PhysioGuru Blog

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Recently Independent.ie published an article about low back pain which talked about some of the most common triggers. Frankly, it was one of the most outrageous articles written on the causes of low back pain. It was as if research doesn't count for anything. One of the assertions was uterus can push back on the spine causing inflammation of spine.... just utter rubbish.... with no consideration of evidence or anything.. Twitterati went into hyperactivity in challenging the basis of assertions.. calling out the biased facts.... and finally the article was removed from their website.. 

But the positive news is that The Lancet and their Low Back Pain Series Working Group has come up with a series of articles on low back pain which summarise the state of the art. The articles have been authored by the best in the business of researching low back pain and clearly present the evidence for this most common low back clinical presentation. 

The first article is titled 'what is low back pain and why we need to pay attention.' This article presents the global burden of low back pain as the leading cause of disability worldwide. But more importantly it highlights that only a small proportion of people have a well understood pathological cause—eg, a vertebral fracture, malignancy, or infection. Most people with new episodes of low back pain recover quickly; however, recurrence is common and in a small proportion of people, low back pain becomes persistent and disabling. It goes on to discuss that that central pain-modulating mechanisms and pain cognitions have important roles in the development of persistent disabling low back pain.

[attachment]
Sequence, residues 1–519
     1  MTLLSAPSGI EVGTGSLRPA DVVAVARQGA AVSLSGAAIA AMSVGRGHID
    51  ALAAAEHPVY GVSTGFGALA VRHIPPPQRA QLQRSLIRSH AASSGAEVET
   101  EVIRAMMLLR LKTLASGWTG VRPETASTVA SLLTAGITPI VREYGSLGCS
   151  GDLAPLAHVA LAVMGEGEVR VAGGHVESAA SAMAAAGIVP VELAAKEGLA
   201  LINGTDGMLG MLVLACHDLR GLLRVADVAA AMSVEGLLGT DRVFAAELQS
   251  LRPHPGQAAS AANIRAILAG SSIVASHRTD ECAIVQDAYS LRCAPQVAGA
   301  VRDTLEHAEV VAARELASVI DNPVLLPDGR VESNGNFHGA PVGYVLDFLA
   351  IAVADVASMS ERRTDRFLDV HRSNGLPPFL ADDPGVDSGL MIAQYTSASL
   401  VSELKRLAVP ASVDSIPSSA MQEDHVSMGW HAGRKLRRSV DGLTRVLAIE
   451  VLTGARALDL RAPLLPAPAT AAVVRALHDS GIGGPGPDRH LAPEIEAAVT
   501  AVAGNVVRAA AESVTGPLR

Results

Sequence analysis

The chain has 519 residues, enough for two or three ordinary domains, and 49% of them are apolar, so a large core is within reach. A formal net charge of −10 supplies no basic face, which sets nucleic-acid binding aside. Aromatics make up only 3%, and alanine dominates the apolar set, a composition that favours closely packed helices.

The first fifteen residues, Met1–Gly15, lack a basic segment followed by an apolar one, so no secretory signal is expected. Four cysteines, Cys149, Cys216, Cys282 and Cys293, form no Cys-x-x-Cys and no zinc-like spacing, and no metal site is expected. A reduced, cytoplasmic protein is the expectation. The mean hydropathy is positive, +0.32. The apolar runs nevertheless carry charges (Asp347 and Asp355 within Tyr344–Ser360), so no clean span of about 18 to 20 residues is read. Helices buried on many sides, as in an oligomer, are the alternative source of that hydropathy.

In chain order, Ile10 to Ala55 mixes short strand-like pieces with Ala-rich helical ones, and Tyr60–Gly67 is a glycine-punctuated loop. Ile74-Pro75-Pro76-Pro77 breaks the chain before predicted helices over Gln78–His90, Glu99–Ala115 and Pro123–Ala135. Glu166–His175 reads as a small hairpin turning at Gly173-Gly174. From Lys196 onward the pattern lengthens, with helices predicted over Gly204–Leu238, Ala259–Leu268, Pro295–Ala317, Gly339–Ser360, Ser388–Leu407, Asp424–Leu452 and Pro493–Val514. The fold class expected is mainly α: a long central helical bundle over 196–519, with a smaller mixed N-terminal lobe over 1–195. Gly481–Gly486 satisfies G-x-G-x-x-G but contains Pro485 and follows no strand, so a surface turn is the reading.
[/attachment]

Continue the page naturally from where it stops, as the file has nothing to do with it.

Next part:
The second article focusses on the prevention and treatment of low back pain. The key focus is on utilisation of education and self management as the key interventions as opposed to inappropriately high use of imaging, rest, opioids, spinal injections, and surgery. I was shocked recently when having a conversation with one of the colleagues who is starting some work in Australia and mentioned that it has been recommended that all patients will undergo an initial MRI scan... not sure who devises such recommendations... but anyway, back to the topic.. the key focus is on moving away from therapies which have little evidence for benefit but surely work to move the locus of control from the patient to the therapist and therefore ensure that the patient keeps turning up in private practice. While researchers have said that for a while now, unfortunately, both the patients and physiotherapists continue to utilise the same passive therapies to manage low back pain. The authors have also highlighted the role of psychological therapies in managing chronic persistent low back pain. If you work with low back pain patients, this article is well worth a read. 

Finally, as a call to action, the Low Back Pain Series Working Group has recommended focused strategies to implement best practice, the redesign of clinical pathways, integrated health and occupational interventions to reduce work disability, changes in compensation and disability claims policies, and public health and prevention strategies.

All these articles are available free

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Whiplash can be defined as “an acceleration–deceleration mechanism of energy transfer to the neck. It may result from rear-end or side-impact motor vehicle collisions, but can also occur during diving or other mishaps. The impact may result in bony or soft-tissue injuries (whiplash-injury), which in turn may lead to a variety of clinical manifestations called Whiplash-Associated Disorders”